Tuesday, September 6, 2011

Review of Betwixt

For three teenagers, dark mystery has always lurked at the corner of the eyes and the edge of sleep. Beautiful Morgan D'Amici wakes in her trailerpark home with dirt and blood under her fingernails. Paintings come alive under Ondine Mason's violet-eyed gaze. Haunted runaway Nix Saint-Michael sees halos of light around people about to die.
At a secret summer rave in the woods, the three teenagers learn of their true, changeling nature and their uncertain, intertwined destinies. Riveting, unflinching, beautiful, Betwixt shows a magic as complex and challenging as any ordinary reality.
[from Goodreads]
Rating:  1 out of 5 boxes
Target Audience:  Someone tired of the same-old, same-old paranormal
High point:  It stands out from the YA paranormal crowd
Low point:  Mixed-up mythologies
Reader maturity: 15+

Betwixt was, like the word, kind of strange. Aside from the title, however, I wasn't impressed. There were several things that really stuck out to me as confusing, frustrating my efforts to enjoy the novel.

From page one, I was confused. The reader is switched back and forth between several different characters, and at times, it was several pages (pages, not paragraphs) before I figured out the POV. Surprisingly, my favorite character was Nix (the male POV--collective gasp, everyone!), but the two girls weren't much competition. Reading through Morgan's sections made me feel slimy, and Ondine didn't do much for me.

Since it was so hard to follow a character chronologically, it took me a while to figure out what was going on, and even then, it didn't make sense. For one thing, the book starts out as a contemporary, and then all of a sudden, it's a paranormal involving something called the Ring (capital R) and the ring (little r). I'm not sure what that was because the phrase "the ring" was actually used for three different things, and half the time, I couldn't figure out which of the two lower-case rings was being referred to.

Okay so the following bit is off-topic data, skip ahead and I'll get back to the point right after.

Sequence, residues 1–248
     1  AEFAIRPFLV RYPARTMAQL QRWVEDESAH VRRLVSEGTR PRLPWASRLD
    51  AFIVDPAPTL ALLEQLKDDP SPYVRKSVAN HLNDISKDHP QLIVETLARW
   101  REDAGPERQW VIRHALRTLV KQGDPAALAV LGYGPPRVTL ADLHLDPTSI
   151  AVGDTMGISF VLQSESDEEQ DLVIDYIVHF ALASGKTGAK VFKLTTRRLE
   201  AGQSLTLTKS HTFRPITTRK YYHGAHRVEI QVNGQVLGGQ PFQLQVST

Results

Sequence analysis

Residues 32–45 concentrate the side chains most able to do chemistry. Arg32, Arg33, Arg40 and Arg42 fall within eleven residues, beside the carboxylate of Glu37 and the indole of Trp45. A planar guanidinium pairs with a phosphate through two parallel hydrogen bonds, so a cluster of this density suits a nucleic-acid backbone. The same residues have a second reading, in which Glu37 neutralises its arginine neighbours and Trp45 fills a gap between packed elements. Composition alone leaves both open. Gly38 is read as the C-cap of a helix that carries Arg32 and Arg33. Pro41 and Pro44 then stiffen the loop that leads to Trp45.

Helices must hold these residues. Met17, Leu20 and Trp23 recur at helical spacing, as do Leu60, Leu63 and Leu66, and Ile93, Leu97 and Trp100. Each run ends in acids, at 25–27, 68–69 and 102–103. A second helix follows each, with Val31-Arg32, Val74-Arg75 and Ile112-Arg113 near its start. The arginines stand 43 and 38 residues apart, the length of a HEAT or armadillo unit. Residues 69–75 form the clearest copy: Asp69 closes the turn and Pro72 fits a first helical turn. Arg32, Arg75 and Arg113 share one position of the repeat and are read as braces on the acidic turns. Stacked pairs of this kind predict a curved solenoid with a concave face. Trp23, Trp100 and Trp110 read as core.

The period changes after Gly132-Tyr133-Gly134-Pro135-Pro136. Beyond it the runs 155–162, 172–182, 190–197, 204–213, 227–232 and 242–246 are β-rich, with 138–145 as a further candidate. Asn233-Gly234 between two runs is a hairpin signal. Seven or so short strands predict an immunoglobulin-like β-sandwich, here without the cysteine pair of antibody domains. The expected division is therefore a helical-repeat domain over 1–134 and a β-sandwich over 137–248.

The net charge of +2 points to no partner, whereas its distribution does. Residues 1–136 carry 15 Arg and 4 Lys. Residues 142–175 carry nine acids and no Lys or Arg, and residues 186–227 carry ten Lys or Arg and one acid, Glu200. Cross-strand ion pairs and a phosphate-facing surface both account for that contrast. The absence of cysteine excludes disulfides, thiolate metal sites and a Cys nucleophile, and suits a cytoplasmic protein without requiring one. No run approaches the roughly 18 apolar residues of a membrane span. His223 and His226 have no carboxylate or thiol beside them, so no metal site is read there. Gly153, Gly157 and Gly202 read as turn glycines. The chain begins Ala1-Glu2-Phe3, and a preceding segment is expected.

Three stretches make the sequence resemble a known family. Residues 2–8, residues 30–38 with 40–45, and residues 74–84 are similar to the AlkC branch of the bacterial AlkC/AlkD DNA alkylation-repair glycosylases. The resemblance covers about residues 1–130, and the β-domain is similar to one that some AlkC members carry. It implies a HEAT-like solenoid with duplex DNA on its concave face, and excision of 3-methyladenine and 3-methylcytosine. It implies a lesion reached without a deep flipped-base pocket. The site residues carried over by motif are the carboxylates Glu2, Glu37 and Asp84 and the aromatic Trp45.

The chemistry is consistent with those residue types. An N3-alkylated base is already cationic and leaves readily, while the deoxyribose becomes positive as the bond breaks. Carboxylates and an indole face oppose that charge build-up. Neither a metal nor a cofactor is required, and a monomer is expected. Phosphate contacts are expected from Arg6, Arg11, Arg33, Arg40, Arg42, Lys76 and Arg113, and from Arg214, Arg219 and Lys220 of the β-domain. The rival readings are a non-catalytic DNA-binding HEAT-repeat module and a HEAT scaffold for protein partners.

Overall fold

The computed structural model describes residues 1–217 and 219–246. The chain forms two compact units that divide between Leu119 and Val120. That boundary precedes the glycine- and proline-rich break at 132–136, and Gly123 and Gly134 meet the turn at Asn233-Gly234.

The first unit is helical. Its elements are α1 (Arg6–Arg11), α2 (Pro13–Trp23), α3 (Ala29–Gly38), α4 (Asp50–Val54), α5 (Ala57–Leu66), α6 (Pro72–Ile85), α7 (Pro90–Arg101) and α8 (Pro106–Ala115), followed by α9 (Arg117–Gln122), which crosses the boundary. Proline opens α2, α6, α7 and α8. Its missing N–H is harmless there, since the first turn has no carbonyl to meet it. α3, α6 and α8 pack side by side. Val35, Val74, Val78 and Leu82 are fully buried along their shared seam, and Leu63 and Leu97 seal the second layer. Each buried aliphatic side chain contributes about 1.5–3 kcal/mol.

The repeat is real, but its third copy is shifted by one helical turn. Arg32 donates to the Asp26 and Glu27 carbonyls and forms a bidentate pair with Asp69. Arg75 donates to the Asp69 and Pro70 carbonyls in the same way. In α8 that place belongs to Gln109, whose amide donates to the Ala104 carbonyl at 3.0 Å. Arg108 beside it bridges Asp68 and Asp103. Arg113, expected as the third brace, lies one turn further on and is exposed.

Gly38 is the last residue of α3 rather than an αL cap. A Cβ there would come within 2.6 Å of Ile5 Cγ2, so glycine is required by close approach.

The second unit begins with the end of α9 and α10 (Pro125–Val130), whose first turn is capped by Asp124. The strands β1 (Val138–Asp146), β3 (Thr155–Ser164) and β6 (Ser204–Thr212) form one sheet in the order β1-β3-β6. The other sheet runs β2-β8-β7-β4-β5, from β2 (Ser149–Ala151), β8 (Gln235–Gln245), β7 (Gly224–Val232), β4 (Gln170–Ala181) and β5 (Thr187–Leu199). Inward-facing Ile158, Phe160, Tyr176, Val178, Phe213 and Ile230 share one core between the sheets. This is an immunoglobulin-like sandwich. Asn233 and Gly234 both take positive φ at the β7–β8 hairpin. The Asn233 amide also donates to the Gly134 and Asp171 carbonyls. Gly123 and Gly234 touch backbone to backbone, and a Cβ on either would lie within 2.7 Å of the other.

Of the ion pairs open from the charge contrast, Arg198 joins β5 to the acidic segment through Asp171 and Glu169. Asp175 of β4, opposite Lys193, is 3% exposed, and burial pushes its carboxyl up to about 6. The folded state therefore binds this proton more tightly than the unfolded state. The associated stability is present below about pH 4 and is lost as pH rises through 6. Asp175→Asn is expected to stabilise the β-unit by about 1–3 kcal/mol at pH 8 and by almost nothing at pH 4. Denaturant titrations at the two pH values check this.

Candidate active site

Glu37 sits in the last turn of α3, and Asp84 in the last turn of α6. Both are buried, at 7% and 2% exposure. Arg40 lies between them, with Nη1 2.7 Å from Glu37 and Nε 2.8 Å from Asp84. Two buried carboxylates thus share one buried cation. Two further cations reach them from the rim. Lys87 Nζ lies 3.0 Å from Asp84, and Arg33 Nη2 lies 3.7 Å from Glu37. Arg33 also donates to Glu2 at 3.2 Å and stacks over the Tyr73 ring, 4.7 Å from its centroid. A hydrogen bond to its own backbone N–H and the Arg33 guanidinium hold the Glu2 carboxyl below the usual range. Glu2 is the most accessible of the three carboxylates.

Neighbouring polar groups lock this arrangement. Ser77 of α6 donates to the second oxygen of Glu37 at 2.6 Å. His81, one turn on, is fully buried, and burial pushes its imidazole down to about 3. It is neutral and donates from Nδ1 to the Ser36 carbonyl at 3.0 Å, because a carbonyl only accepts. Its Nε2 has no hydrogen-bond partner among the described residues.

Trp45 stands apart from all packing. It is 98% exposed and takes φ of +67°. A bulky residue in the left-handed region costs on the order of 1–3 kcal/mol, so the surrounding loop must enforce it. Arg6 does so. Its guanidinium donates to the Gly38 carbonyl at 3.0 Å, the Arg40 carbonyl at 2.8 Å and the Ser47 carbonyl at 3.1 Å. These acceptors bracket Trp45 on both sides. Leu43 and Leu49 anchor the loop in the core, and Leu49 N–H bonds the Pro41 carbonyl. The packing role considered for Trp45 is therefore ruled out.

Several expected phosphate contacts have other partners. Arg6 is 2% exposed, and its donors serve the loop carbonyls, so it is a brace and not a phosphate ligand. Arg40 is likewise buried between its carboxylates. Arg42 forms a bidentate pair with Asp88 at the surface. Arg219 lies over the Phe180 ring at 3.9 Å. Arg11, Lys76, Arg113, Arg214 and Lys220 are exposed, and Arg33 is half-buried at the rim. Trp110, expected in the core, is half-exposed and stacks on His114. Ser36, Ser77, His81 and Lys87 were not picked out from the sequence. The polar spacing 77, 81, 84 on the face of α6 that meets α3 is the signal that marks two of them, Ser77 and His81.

Betwixt also didn't keep its own mythology straight (well, I don't think it did; what with all those R/r/rings, maybe it did, and I just didn't notice). In one section, we're told that the changeling fay (fay, not fey) must join in the Exidis (their version of a rapture, I think) by a certain age (early twenties or so) or their bodies will wear out and they'll live forever in pain. Later on, it's explained that one of the changelings that stayed behind (something to do with a R/r/ring), but one of the main characters is older than the age where his body should've worn out already...so how was he still walking around as a main character??

And [spoiler alert] in Betwixt, the fay "borrow" human bodies until the Exidis, and then the humans live out the rest of their lives in the bodies. What happens to the humans while they're being inhabited? Do they know it? Do they remember what happened in their first 20+ years? Or do their families think they've all gone insane overnight when they can't remember two decades worth of stuff because their lives were being lived by changelings?

And how do the fay know that if their bodies wear out, all that's left is pain, pain and more pain? It's not like any of them "died," so to speak, and then came back and told everyone else what it was like. [End spoiler]

I wanted to like Betwixt because it's different from what I've been reading lately. Unfortunately, it just wasn't my cup of tea.

Title:  Betwixt
Author:  Tara Bray Smith
Genre:   Teen Fiction - Faeries
Year:   2007
Book Source:  Purchased

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